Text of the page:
Egenera is launching two cloud-management platforms that enable more efficient use of server infrastructure by provisioning resources through an abstraction layer regardless of who made the underlying infrastructure and whether it is physical, virtual or a mix.
The first new product, PAN Cloud Director, dishes up a self-service portal that streamlines provisioning of infrastructure so that end users can request resources without needing IT to do it for them.
Customers see an abstracted version of the infrastructure presented as a service that has been set up by IT professionals. Services can be defined by capacity, service level and pricing so usage can be billed back to departments or, in service provider environments, to commercial customers.
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The interface is drag and drop, so the person setting up the services that are presented in the portal can drag in a Hyper-V or VMware virtual server and connect it to particular switches, for example. The alternative would be to configure the requested service manually via Egenera's flagship product, PAN Manager. Instead, PAN Cloud Director provides an abstraction layer that automates work flows for PAN Manager.
Donna Scott, an analyst with Gartner, notes that via PAN Cloud Director IT executives can choose a limited set of infrastructure that end users can provision themselves in order to keep a rein on how resources are consumed. In a service provider environment, this could be a way of defining service grades, such as a gold level that incudes disaster recovery versus silver level that does not, she says.
The second new product, PAN Domain Manager, handles pools that are a mix of physical servers, virtual servers and different manufacturers' products, all treated as a single set of resources. This pooling extends to failover and disaster recovery between server blades made by different vendors. So it enables failing over from any brand of physical or virtual server to any other type and brand, the company says, effectively unifying the virtual and physical infrastructures.
One upside of this is that customers will be able to manage their server infrastructure more efficiently because they won't rely on individual manufacturers' management platforms to handle each type of server, says Scott.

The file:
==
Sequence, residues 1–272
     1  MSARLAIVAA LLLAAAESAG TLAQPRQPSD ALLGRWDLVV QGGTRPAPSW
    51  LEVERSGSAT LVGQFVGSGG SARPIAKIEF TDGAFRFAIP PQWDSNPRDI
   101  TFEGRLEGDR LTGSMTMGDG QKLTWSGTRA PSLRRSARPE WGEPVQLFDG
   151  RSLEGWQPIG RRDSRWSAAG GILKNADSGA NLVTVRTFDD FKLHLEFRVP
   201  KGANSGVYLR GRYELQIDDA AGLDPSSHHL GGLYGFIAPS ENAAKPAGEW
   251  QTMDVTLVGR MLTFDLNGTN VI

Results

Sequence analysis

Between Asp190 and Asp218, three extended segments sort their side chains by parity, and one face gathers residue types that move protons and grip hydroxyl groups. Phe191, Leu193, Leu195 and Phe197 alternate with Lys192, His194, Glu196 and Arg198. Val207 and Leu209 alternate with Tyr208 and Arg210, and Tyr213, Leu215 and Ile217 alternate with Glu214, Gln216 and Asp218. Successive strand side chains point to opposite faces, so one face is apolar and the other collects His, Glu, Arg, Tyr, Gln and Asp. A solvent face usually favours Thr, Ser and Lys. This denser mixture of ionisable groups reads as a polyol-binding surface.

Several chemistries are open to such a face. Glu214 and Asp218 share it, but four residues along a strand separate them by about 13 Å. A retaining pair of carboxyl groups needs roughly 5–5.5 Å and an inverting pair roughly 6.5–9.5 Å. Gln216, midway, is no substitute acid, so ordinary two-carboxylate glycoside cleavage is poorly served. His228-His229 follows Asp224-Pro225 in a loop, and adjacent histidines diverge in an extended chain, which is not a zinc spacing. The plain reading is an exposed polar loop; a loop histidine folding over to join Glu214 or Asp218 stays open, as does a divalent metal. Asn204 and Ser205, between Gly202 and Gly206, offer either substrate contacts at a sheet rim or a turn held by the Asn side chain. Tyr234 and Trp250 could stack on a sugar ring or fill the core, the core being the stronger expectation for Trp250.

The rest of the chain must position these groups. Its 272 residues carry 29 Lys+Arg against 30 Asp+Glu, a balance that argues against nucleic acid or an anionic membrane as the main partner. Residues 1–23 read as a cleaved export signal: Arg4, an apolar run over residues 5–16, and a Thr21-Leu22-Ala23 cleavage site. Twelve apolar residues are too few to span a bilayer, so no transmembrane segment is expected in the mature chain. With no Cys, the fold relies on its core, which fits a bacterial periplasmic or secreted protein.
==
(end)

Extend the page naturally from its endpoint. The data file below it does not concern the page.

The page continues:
This is useful in cases where one company buys another; the two companies have different infrastructure vendors and they want to pool all their server resources, Egenera says. Similarly, it gives customers more flexibility when it comes time to refresh their servers because they can switch vendors without ripping and replacing their existing gear, the company says.
The big caveat in all this is that there is no integration with Cisco gear, so if customers have Cisco products as part of their infrastructure, they must be managed separately and deployed in separate domains.
PAN Domain Manager also enables customers to boost the number of server chassis and blade servers that can be managed as a pool from four chassis up to 16, which brings the number of blade servers it supports to 256, the company says.
Scott says the main competition for the new products will be individual vendors' management platforms in single-vendor environments that have to be manually coordinated in mixed environments. Some other platforms such as BMC Software's can do this and more, so they may be overkill for customers who don't want to take monitoring and management higher in the stack, she says.
The company is also upgrading its flagship PAN Manager software to work with VMware's VCloud Orchestrator and its disaster recovery functionality so it can manage through the VMware platform with greater granularity than before.
Tim Greene covers Microsoft for Network World and writes the Mostly Microsoft blog. Reach him at email@example.com and follow him on Twitter @Tim_Greene.
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